My dad taught me a lot, and I am really hopeful that we have at least one little boy that stays with us forever so I can teach him things that every man should learn. I’ve learned how to use tools and build things, work on cars, start to use the computer (back with command prompts), burn things safely, and more other “quick do something manly” things than I can remember. By the way, my mom taught me to ride my bike without my training wheels when Dad was on night shift because I refused to wait because I was ready “now.”

I’ll be sure to have tools and scraps of wood when the time comes, make sure there is plenty of opportunities to change the oil, and learn to be a general handyman around the house.

I really, really, really think I’ll be a great dad, but I’m also scared stupid.

I guess that means I’m ready.

Comments

  1. Angelaf520 says:

    Have you considered having the TESE procedure to have biological kids via IVF?

  2. Dan williams says:

    Jesse, You will have some mis-steps along the way. But the rewards far out weigh them. Kids have a way of sensing who relly cares and when things are for their best interest. Though they won’t always admit it. You’ll do fine. You had a great teacher and there are many that are but a phone call away that you can use as a sounding or that you can ask “what would/did you do when…” And being scared stupid is a prerequisite for the job.

     

    • Thanks, Dan! I’m definitely going to read our MAPP material a couple more times and read some developmental books at B&N to be able to know when they are behind and need help, if possible.

  3. Like Dan said, scared stupid is a prerequisite. If you were going into this saying, “How hard could it be?” or something like that, I’d be hearing alarm bells in my head. You know from personal experience that dad’s make lots of mistakes. I know I made a ton of them. I’m glad you love me anyway.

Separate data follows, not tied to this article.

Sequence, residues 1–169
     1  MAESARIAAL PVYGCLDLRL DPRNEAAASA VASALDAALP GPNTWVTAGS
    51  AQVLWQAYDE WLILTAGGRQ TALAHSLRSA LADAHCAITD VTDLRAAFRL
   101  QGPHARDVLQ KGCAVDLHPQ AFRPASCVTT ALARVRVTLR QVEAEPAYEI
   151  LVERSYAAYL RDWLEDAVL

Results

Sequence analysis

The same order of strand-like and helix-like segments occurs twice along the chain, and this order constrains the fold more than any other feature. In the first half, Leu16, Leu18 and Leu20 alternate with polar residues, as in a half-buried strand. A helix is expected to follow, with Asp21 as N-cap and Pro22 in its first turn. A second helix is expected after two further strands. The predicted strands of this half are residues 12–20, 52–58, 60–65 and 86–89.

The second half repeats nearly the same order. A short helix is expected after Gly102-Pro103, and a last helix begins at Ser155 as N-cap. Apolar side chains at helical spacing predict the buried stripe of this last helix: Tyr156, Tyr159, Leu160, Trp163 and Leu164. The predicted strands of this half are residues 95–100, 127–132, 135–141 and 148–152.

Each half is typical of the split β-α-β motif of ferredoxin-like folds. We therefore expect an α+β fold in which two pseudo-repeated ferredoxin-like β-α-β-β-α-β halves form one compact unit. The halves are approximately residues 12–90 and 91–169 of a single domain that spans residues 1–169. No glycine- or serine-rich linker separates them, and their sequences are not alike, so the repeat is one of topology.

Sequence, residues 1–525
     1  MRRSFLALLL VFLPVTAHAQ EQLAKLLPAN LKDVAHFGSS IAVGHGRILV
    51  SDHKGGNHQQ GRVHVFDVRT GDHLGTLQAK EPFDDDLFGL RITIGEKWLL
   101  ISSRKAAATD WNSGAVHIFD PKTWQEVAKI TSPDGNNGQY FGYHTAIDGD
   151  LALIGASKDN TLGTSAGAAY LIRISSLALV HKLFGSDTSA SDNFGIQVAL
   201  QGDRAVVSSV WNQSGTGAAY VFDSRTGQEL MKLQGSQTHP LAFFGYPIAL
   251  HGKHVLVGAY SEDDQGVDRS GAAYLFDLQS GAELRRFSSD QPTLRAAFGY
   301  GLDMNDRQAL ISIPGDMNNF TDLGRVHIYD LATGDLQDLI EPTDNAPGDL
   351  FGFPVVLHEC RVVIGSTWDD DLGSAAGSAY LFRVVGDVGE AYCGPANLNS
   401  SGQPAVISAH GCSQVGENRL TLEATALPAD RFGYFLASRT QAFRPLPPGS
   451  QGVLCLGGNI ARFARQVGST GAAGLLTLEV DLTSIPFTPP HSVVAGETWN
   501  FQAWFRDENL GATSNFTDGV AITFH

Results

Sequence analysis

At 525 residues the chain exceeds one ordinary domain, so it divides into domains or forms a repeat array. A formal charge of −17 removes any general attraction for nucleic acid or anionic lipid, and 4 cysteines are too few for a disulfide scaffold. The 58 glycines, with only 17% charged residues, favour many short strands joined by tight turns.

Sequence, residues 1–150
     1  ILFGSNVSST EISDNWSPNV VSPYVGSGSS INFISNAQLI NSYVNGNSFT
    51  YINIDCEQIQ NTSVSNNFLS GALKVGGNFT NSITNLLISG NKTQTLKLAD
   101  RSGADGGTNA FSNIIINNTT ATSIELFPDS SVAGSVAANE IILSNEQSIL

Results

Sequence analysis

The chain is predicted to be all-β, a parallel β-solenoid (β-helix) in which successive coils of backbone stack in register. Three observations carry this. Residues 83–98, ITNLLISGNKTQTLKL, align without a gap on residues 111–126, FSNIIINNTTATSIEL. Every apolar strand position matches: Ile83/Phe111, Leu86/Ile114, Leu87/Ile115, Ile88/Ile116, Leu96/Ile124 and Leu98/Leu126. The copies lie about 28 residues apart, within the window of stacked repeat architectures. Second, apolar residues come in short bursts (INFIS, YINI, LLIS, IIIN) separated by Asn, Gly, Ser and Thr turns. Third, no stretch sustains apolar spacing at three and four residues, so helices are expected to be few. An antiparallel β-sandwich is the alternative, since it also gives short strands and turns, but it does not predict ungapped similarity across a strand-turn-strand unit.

As you already know, kids will explore their boundaries, in part to make sure you care enough about them to enforce the boundaries. Doing that consistently and lovingly isn’t always easy and all of us drop the ball from time to time. But I think you have far more self discipline than I ever had and I’m confident that you’ll be a GREAT dad – just not a perfect one. 😉

  4. Kristi Bowers says:

    You will be great!!! So excited for you!

    • Thanks, Kristi. Replying to David’s e-mail now. Very touching. You guys are A++ in our book. As strange as it sounds from a CFer, I can’t imagine being the parent of a CFer. You’re doing a fantastic job. I don’t even remember hearing Kaleb cough… trying to remember what that’s like. He’s got a fantastic medical head start on me and the sky is the limit for him with such awesome parents and his love of science.

  5. patricia lawrenson says:

    You will be a great dad, because you WANT to be a great dad!!

    • Ohh, good insight. Thanks for the Facebook DM reply. I passed it on to Beautiful this morning. We’re looking forward to more foster communication, for sure. We may be the opposite CF gender situation in our two marriages, but that may be a huge strength.

      Do you have a support group for fostering? Ours at the church that did the MAPP class meets monthly. I think it counts towards training hours or something… I know it’s more than just getting together.